These coffee table-sized devices have been appearing in business venues for a couple of years already. They are now becoming cheap enough for the consumer market.This computing platform responds to natural hand gestures and real world physical objects. It has a 360-degree user interface and a large reflective surface, with projectors underneath which project images onto its underside. Cameras in the machine's housing record reflections of infrared light from objects and fingertip movements.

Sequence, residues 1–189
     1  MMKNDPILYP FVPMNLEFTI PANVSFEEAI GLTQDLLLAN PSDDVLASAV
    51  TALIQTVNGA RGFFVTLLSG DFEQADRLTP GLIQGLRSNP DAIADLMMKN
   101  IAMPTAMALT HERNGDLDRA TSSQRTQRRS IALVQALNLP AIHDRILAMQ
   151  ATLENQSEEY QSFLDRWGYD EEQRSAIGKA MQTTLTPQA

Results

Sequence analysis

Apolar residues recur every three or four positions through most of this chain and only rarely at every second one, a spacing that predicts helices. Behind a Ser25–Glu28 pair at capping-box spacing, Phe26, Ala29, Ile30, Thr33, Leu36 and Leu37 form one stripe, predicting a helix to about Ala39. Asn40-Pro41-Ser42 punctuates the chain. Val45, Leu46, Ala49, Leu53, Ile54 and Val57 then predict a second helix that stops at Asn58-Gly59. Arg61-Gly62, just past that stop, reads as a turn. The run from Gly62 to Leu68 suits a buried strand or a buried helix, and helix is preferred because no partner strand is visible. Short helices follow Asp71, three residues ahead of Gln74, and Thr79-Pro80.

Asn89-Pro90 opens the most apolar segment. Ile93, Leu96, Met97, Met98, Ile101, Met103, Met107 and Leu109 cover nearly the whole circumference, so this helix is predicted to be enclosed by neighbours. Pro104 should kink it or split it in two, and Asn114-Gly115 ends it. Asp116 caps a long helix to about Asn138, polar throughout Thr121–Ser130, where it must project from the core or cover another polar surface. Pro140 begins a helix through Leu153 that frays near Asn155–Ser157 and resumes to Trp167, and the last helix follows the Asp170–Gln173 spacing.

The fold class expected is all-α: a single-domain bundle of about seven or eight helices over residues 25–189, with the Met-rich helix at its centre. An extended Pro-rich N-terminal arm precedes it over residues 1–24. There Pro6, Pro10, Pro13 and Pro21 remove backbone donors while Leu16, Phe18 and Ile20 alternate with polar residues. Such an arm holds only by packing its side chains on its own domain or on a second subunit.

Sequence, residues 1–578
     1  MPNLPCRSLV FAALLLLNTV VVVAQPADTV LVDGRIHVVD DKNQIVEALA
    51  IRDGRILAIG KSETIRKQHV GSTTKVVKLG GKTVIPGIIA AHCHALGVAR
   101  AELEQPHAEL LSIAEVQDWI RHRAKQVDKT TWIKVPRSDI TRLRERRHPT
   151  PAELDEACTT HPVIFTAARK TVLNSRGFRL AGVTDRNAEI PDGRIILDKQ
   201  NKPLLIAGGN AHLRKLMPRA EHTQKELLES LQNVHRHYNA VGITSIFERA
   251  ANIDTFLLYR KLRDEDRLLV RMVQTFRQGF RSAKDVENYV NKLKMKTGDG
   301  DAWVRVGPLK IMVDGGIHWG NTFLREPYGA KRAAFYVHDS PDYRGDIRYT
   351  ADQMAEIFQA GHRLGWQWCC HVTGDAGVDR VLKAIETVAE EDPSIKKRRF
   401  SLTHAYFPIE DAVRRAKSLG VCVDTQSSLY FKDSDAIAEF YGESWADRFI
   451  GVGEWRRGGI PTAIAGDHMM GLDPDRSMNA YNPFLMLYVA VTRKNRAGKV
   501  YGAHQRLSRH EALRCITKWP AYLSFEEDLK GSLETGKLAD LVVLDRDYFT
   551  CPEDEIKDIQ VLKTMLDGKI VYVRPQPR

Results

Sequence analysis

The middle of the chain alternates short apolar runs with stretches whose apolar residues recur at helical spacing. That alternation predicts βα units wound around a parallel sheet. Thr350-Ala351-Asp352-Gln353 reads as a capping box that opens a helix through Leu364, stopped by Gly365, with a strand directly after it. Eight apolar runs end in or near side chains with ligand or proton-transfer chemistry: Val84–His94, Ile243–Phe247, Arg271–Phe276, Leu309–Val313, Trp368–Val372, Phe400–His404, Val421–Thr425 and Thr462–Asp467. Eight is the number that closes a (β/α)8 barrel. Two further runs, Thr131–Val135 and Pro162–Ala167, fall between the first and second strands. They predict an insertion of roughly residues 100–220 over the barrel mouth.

The surface is capable of object recognition, object/finger orientation recognition and tracking, and is multi-touch and is multi-user. Users can interact with the machine by touching or dragging their fingertips and objects such as paintbrushes across the screen, or by placing and moving placed objects. The platform can respond to over 50 touches at a time.The use of multi-touch technology is increasing exponentially during this time. For example, sales of touchscreen phones will rise from 200,000 in 2006 to over 21 million by 2012, while iPads and other tablet devices are seeing similar growth.